Do I put string cheese on his plate every night until we’re past this? Do we buy a lock for his door and let him scream (the baby doesn’t seem to notice)? Do we just give in to his whims given how volatile things have been?

(We have a star chart. While that is sufficiently motivating for things like sharing toys with his sister and brushing his teeth, it is not at all effective for this. He gets out of control).

-dreading bedtime.

Welcome to three! IT’S OFFICIALLY THE WORST.

So first of all: Deep breath. You’ll get through this. You’ve correctly identified all the swirling whirling reasons behind the recent meltdowns — too much change, not enough consistency, an overtired, hungry, jealous-of-new-baby child who just wants to EXERT HIS WILL ON THE WORLD.

Off the top of my head, because I’m guessing you aren’t in the mood to hear my long, rambling Deep Thoughts on all the individual issues in play here, but would rather just get to the damn action items already:

1) Move bedtime earlier. Even just 15 minutes. Half hour. He’s exhausted and that’s not helping. Fixing naps is a good start, A slightly earlier bedtime won’t immediately solve the tantrum issues, but it at least means the tantrums aren’t significantly cutting into his established, much-needed sleep time.

2) Combine bedtime routines. He sounds very jealous. He sounds like he is very much not a fan of you leaving mid-bedtime routine and handing things over to Dad while the baby gets your attention. So try to combine what you can. This is probably the most appropriate area to seek a compromise on, since a combined bedtime routine isn’t a “bad habit” you’ll regret later. In fact, you’ll probably appreciate having steps combined down the road. Read bedtime stories all together. Nurse or bottle feed the baby in his room while you read aloud. Hold and rock both of them. You obviously don’t want to screw up the baby’s routine, but if she’s pretty chill and ignores his screaming, try to find a way to merge their routines so everybody stays together with him, up until final lights out in everybody’s respective rooms.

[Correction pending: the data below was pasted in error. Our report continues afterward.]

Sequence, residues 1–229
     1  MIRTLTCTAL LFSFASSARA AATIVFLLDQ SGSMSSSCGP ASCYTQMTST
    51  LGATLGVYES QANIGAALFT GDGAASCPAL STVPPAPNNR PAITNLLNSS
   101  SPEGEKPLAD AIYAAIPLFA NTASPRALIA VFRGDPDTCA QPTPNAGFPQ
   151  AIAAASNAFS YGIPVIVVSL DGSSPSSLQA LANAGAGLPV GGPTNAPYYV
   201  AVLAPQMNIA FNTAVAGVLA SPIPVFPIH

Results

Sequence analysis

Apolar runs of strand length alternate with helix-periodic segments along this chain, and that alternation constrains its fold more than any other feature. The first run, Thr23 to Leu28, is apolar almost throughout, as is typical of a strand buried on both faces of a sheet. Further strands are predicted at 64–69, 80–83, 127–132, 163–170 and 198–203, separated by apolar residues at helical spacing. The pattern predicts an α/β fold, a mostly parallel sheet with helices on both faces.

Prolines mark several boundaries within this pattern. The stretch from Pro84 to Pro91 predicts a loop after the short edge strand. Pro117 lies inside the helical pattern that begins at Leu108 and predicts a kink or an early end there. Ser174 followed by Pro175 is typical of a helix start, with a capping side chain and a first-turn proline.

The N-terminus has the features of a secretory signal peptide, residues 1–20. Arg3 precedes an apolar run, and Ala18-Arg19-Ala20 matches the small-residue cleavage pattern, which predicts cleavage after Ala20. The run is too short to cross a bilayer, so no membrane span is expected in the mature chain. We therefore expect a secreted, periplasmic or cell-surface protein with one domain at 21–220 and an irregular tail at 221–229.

3) Stay consistent at dinner. This one, on the other hand, is where I am a Big Old Mean. But! Believe me, you will regret caving at dinner to get through the terrible threes and it will become a Whole Big Thing later and it will SUCK. BALLS. Don’t do it. We’re going through fairly regular dinner strikes with our three year old right now too. (Seriously, children, stop lying about not liking spaghetti. EVERYBODY LIKES SPAGHETTI.) Ike had a bad habit of filling up on milk or juice before (or during) dinner, so now he drinks water with dinner, just like his brothers. This. Is. An. Outrage. He pitches a fit over this several times a week, and for some reason STILL thinks that by refusing to eat, we’ll cave and get him the milk or juice he’s screeching for. It’s a power struggle, plain and simple, and has nothing to do with the food in front of him.

Unfortunately for our three year old, he’s our THIRD three year old and this ain’t our first dinner strike rodeo. No one’s going to make you eat. Whatever. No one’s getting you milk in the sippy cup you’ve completely outgrown, especially since I know you’ve gotten more than enough milk for one day already. No one’s going to give you string cheese and Goldfish crackers because you’ve decided chicken is unacceptable. But know this: You don’t eat dinner, you go to bed earlier. Not even as a punishment, but more because I want to get you to breakfast as soon as humanly possible, and to get you to sleep before you realize that oh. Yeah. Eating probably would have been a good idea. Usually bedtime around here is 8/8:30. If Ike refuses to eat dinner, it’s more like 7/7:30 for him, which also means he misses their one nightly cartoon. Some nights a reminder of this consequence will get him to eat. Some nights it doesn’t. I try focus on not giving a crap and letting him make his choice.